Fellows Perspectives: Amy Oden

Throughout the year, we’ll be featuring each of our Fellows as guest bloggers where they will share their thoughts on their films, filmmaking, or anything they think would be of interest to the documentary community. This month we hear from Amy Oden about her latest documentary project which offers a different take on commercial sex work within the context of globalization.

“Don’t start thinking that you’re better than someone else, just because you have a different job than they do,” I said to one of the interns at my day job last week.  You could file the comment under “unsolicited life advice,” but it very much resonates with and originates from my experiences filming workers in the commercial sex industry in the Pacific Rim.

 

When a friend from New York first told me she was thinking of taking a contract to work as an exotic dancer in Guam, I became obsessed with the idea, and immediately started seeking out contacts to figure out the details of the situation.  I quickly found dancers from Portland, Atlanta, Alaska, Vancouver; the list seemed endless.  Somehow it had never occurred to me that folks could leverage dancing as a way to travel the world via contracts, even though I was already starting to leverage academia and film to travel.  Amidst my preoccupation with the racial and colonial implications of American women stripping on the island, and without a hint of self-reflection about my own position as a migrant employee, I accepted a contract at the University of Guam, and relocated temporarily.

I had heard that there were plenty of venues for sex work on the island, and I suppose I drew a boundary in my mind between the strip clubs and the rest of the industry.  What I found when I arrived on Guam was not the Western world of categories and delineations I had envisioned, but a messy, fluid, nuanced network of people who came from an array of places, and who had varying degrees of understanding about what awaited them during their stay on the island.  There were plenty of American women who had bounced around, broken contracts, or gotten stranded.  I also met locals who had worked the streets, and migrant women who met the textbook definition of “trafficking victim,” and who had voluntarily returned to the industry after escaping.  The way governments label people across this vast range of life experiences “victims” or “criminals” is woefully inadequate.

My working definition of what constitutes “commercial sex” also became blurred, as I witnessed everything from full contact dancing, to girls doing “carry out” services.  This is an industry of fantasy and luxury, where 55-year-old mama-sans are more concerned with hand-feeding their new customers filet mignon than policing the border between customer service and prostitution.  I witnessed officers behaving badly, saw multiple drag band ensembles of overseas contract workers, and had a massage parlor mama-san tell me that a lady customer needs a male masseuse like “the sun needs the moon.”  In my experience, “commercial sex” can be everything from a dancer with a day job doing a private party, to a weekly waltzing date at a karaoke bar.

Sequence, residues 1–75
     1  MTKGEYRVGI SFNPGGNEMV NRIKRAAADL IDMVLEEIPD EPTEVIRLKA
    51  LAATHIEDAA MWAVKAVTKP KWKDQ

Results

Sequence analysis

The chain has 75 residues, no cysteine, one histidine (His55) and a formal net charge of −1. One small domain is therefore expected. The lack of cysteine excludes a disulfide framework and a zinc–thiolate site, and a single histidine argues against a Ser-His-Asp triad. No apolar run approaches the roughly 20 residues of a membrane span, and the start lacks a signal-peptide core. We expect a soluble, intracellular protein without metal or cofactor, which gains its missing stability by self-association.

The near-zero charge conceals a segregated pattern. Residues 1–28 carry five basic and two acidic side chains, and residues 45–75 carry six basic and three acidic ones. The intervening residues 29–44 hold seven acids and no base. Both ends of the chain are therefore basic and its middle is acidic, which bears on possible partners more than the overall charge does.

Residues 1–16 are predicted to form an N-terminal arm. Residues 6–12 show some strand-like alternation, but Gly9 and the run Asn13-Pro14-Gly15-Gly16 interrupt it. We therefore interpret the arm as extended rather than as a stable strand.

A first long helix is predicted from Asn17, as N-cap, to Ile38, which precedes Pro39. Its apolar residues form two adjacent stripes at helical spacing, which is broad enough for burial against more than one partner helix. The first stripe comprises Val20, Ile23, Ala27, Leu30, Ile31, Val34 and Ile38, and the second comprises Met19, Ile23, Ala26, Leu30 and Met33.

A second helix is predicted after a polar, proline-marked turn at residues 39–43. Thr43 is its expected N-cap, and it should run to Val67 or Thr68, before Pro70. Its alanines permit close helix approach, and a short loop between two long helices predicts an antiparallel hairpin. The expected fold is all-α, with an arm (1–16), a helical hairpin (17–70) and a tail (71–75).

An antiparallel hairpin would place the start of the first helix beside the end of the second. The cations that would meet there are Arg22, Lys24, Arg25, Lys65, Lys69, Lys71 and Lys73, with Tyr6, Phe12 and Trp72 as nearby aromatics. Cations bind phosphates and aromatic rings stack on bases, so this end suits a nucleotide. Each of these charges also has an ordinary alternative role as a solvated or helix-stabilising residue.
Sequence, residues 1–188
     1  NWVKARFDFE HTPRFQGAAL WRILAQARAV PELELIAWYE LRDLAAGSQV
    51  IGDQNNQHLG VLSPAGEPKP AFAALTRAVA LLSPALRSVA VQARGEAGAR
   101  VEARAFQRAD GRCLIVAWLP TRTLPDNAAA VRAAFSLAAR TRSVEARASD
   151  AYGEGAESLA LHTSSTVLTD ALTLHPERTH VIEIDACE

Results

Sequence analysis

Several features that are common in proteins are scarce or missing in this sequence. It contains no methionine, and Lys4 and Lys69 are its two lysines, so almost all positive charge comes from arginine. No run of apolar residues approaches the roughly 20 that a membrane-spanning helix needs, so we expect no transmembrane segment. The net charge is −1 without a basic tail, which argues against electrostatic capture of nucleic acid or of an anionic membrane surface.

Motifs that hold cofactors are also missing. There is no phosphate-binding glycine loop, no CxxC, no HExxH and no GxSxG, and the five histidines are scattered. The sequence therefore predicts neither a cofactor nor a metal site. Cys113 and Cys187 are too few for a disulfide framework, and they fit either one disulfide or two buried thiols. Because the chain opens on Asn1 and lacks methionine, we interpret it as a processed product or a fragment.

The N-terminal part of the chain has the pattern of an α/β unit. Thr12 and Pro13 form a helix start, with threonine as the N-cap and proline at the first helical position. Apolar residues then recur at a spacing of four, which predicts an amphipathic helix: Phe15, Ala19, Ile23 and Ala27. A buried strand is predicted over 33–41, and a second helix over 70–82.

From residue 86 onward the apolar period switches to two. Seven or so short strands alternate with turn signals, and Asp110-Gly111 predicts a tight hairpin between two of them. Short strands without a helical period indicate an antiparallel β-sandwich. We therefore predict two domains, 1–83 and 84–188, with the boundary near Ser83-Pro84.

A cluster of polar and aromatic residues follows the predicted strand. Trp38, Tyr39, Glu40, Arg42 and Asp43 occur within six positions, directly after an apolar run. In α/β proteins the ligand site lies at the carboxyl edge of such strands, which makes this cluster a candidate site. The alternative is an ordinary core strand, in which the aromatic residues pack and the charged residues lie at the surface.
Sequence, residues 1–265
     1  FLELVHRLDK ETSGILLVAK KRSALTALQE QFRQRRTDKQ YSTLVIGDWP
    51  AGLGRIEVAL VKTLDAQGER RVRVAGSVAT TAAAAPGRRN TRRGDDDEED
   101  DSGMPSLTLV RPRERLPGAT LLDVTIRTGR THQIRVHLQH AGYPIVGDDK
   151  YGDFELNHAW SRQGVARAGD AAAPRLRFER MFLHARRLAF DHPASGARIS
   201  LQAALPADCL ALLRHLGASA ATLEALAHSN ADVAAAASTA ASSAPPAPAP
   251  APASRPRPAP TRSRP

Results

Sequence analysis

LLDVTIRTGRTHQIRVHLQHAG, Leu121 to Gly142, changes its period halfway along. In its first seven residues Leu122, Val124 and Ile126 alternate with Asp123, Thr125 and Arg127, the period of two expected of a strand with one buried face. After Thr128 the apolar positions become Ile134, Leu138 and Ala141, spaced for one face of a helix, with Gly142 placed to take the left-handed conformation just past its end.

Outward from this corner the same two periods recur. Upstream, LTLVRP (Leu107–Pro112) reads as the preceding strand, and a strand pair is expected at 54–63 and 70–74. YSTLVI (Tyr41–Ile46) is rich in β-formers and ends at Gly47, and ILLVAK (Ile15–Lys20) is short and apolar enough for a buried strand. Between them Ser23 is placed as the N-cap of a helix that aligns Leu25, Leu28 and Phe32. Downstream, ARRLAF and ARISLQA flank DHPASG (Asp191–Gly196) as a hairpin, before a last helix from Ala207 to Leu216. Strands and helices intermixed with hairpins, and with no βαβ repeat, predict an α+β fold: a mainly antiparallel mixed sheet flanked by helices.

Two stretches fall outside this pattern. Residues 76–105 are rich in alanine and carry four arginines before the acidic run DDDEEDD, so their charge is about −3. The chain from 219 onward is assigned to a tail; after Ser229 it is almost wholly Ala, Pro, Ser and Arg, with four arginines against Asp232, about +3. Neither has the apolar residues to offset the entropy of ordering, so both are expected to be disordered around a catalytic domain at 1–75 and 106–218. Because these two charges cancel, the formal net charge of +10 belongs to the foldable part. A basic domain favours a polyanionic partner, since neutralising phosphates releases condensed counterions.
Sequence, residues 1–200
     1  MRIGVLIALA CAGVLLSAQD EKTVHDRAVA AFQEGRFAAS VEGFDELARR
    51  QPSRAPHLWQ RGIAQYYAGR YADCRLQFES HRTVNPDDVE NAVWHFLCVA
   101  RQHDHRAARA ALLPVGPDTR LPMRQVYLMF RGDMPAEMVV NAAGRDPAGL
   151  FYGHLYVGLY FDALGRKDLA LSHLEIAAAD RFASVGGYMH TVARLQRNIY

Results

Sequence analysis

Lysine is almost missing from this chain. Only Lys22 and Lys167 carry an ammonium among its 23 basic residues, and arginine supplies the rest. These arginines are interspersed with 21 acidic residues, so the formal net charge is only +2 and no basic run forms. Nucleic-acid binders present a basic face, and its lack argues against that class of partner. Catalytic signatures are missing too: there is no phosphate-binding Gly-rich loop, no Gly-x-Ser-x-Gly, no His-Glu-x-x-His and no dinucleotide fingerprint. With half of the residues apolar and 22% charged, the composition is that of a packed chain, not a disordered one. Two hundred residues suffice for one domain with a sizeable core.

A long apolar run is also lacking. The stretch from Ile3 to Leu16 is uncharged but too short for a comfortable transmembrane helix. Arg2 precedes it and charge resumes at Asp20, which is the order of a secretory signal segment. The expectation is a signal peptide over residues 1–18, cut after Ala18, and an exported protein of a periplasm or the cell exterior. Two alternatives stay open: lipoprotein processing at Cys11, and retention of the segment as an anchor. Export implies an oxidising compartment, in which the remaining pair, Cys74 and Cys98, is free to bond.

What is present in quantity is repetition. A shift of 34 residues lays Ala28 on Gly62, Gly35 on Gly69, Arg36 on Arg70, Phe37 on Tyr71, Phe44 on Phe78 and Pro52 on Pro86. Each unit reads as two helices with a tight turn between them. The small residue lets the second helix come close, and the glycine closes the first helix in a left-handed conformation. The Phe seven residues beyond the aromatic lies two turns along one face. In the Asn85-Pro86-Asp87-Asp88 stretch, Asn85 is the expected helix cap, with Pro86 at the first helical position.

Why am I making this film?  The short answer is that I believe women’s work should be respected, and that decriminalization is the first step towards recognizing that real life is more complicated than legislative language.  In a globalized world, where tourism is one of the only industries that can’t be outsourced, the proliferation of sex work as a component of the “local experience” seems almost inevitable.  In this context, if we agree that prohibition does nothing to suppress the sex industry, we need to focus on the treatment of workers, which is why I think examining legislation, stigma, and the “rescue industry” is especially important right now.

Some of the dancers I met in Guam had bachelor’s degrees.  In the wake of the global recession, dancing affords the chance to earn what Rachel Aimee refers to as “quick cash in an unregulated environment,” despite often hazardous or falsified work conditions.  In late stage capitalism, we all have the potential to be migrant workers.  If Fordism is truly dead, then for Generation Y and the Millennials, there will likely be more plane tickets and employee housing than anniversary watches or company cars. Taken together, these arguments point to how relevant the lives of the workers on Guam are to all of us.

This month I am doing a second pass on my interview string out for the film, and have been juggling incorporating everything from labor statistics, to nuclear testing contracts.  The Docs In Progress Fellowship has definitely helped me stay motivated, and given me a place to connect with folks who are in similar trenches.  The empathy and direction that this group of people has provided has been both validating and helpful.  I hope I can round out my time here by continuing to form and articulate the vision behind my project.


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